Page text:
When loaded terms combine into stock phrases, aphorisms or sayings that people often repeat without fully considering their implications, you should be especially careful to look beyond the obvious meaning that’s usually attached to them. Take the phrase, often attributed to legendary football coach Vince Lombardi: “Winning isn’t everything; it’s the only thing.” First of all, does this mean that we can never engage in sports for fun, exercise, or friendship? On the contrary, in sports and in all of life, we often learn best from our mistakes and our failings. If we only play it safe and try to win all the time, then we lose the opportunity to experiment and discover anything new. As Thomas Edison pointed out, he had to allow himself to fail over a thousand times when trying to invent the lightbulb in order to discover the right way to do it. Clearly, winning isn’t the only thing, and it should not even be the most important thing, at least for most of us.

Be especially attentive when analyzing creative works to make note of any stock phrases or loaded terms the characters repeat, as it often reveals insights about how they see themselves and the world. In J.D. Salinger’s novel Catcher in the Rye, Holden Caulfield, the troubled teenage protagonist, has just been expelled from his high school and goes to see his old history teacher, Mr. Spencer in his home. After a polite exchange, Mr. Spencer asks Holden to repeat what Dr. Thurmer, the principal, said to him just before giving him the boot:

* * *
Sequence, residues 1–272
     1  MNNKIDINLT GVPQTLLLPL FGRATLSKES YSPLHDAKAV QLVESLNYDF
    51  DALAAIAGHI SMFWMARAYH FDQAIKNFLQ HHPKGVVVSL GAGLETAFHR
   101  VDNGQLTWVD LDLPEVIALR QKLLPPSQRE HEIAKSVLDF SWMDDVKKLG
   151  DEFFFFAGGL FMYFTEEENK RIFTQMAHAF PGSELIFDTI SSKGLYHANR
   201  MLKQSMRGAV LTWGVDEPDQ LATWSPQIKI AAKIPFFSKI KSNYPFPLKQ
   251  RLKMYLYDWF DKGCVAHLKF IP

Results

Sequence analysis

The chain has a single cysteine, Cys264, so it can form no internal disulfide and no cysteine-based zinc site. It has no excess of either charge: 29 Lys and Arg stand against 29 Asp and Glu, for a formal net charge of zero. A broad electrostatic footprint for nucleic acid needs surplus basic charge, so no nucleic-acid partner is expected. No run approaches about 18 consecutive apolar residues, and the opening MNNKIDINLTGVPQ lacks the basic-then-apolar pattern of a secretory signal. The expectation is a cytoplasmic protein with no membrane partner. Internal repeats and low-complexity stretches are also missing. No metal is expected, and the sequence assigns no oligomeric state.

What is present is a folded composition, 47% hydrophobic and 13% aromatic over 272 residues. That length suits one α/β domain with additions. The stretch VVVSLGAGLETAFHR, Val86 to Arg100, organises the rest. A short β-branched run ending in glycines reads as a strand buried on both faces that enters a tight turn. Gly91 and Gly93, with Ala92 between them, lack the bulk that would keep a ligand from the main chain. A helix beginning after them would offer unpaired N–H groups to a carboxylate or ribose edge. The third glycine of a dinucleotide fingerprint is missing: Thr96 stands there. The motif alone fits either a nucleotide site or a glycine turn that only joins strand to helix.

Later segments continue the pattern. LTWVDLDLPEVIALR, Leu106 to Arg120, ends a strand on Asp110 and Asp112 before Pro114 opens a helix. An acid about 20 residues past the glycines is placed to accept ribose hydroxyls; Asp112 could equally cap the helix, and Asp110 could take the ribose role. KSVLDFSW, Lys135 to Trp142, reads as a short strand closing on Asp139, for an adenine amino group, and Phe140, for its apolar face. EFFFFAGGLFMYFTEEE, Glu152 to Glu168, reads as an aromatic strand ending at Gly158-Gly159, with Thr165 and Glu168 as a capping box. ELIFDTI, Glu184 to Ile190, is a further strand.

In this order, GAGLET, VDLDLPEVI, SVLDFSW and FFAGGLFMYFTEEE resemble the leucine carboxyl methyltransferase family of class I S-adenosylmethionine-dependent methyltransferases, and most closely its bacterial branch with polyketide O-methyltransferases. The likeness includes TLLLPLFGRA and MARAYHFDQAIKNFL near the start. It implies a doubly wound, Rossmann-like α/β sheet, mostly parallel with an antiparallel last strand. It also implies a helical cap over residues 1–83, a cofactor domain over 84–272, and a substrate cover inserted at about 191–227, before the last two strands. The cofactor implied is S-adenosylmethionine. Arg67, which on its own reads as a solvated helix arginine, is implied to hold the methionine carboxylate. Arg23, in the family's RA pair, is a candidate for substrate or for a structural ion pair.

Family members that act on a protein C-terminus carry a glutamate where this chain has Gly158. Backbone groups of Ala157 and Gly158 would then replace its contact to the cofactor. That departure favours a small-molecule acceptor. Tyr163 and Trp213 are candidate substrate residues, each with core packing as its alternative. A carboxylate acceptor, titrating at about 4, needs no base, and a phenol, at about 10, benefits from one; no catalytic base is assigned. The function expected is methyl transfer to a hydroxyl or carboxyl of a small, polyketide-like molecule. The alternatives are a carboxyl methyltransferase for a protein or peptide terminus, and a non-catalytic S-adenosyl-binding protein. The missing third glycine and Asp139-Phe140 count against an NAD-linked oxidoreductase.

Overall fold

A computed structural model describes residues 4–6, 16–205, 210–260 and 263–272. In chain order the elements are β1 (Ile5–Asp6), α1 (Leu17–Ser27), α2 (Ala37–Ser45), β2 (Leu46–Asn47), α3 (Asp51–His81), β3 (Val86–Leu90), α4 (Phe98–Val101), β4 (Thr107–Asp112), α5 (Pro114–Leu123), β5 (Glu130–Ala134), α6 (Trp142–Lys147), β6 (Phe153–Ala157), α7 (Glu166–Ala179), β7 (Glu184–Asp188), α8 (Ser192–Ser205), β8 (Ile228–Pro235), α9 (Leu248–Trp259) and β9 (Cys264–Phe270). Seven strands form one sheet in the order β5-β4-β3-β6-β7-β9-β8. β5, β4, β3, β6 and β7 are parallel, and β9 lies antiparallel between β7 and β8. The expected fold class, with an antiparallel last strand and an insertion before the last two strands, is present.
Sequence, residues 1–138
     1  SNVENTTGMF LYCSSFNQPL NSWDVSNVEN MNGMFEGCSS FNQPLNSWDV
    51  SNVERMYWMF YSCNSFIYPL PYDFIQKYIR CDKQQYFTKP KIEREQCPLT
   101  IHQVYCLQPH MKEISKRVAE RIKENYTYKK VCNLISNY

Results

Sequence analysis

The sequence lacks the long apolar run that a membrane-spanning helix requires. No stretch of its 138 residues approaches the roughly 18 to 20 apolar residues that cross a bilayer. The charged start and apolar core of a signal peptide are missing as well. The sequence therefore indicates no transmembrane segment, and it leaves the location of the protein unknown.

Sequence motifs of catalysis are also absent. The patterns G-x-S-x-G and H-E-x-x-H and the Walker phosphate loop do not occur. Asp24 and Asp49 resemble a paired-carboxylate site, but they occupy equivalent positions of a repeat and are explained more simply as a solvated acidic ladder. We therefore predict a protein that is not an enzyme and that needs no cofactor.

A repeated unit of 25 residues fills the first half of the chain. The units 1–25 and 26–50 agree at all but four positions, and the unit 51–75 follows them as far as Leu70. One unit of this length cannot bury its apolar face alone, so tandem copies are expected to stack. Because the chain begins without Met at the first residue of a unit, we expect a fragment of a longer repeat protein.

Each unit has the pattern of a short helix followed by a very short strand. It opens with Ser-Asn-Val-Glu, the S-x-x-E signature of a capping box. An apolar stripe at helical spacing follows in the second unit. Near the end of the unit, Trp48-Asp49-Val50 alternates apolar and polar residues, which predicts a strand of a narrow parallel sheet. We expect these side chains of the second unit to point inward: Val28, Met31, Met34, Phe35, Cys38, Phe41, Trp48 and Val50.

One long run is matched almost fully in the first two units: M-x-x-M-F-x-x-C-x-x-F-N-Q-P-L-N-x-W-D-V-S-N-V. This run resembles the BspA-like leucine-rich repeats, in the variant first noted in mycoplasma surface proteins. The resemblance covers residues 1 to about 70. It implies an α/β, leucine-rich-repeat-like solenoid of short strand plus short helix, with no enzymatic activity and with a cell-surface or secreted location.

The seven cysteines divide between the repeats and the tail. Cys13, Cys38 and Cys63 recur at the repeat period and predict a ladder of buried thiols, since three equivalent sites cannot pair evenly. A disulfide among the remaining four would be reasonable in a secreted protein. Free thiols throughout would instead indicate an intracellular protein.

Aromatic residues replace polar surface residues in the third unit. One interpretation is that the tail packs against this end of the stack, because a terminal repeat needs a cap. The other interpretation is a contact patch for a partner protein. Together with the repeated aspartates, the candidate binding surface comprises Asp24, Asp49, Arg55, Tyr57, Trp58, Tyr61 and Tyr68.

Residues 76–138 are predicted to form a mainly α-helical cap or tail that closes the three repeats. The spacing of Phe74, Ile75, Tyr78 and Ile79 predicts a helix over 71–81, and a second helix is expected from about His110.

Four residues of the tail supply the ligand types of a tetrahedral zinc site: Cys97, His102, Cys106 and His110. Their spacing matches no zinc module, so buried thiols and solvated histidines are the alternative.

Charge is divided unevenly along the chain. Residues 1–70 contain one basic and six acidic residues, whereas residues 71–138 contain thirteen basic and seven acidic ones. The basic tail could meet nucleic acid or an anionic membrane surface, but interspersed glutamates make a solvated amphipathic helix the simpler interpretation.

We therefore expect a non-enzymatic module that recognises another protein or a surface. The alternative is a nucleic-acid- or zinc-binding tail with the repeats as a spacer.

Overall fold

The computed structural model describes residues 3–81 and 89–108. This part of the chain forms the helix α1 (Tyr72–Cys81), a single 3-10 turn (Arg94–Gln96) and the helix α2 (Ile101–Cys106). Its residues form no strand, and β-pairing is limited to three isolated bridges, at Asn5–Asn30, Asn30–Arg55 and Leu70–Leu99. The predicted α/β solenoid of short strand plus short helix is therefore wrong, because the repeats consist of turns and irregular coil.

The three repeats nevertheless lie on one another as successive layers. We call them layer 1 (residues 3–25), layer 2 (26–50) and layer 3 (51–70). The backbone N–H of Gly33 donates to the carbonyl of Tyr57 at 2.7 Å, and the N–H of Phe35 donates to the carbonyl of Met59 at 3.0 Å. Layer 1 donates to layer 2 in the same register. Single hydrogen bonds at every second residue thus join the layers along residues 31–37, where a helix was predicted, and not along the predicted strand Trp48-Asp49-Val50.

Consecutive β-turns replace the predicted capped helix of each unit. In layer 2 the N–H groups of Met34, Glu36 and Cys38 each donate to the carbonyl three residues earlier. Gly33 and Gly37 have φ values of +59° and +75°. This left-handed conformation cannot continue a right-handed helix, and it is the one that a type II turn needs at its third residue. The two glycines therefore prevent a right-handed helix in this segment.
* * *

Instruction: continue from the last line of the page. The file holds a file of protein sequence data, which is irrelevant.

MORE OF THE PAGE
“What did Dr. Thurmer say to you, boy? I understand you had quite a little chat?…”

“Oh…well, about Life being a game and all. And how you should play it according to the rules. He was pretty nice about it. I mean he didn’t hit the ceiling or anything. He just kept talking about life being a game and all. You know.”

“Life is a game, boy. Life is a game that one plays according to the rules.”

“Yes, sir. I know it is. I know it.”

(J.D. Salinger, The Catcher in the Rye. Boston, MA: LB Books, 1951, 8.)

Though Holden agrees with Mr. Spencer out of politeness, he goes on to narrate:


“Game, my ass. Some game. If you get on the side where all the hot-shots are, then it’s a game, all right—I’ll admit that. But if you get on the other side, where there aren’t any hot-shots, then what’s a game about it? Nothing. No game.”

What is even more disturbing about the phrase is that it leaves absolutely no room for creativity because nothing new can be brought into a world that has already been completed, making us all seem like those blue or pink pegs in the Milton/Bradley game Life, generic people with generic goals.

One reason that we often fall victim to erroneous conclusions is that every day we are bombarded with a form of media that pushes us to accept the most absurd phrases—advertising. Take for instance the slogan “things go better with Coke.” What “things”? If I drank a Coke while running a marathon, I might feel sick. And some things that actually do go better with Coke, I could do without, such as tooth decay and weight gain. To be fair, the slogans of Coke’s chief competitor do not stand up to scrutiny either: “Pepsi, The Choice of a new generation.” Which generation? And how did they determine that it’s their choice? Often advertisers use ambiguous language like this in their slogans to deceive without lying outright. For instance, saying that a detergent helps to eliminate stains does not tell us that it actually will.

Adapted from “Chapter 3” of A Guide to Perspective Analysis, 2012, used according to creative commons CC BY-SA 3.0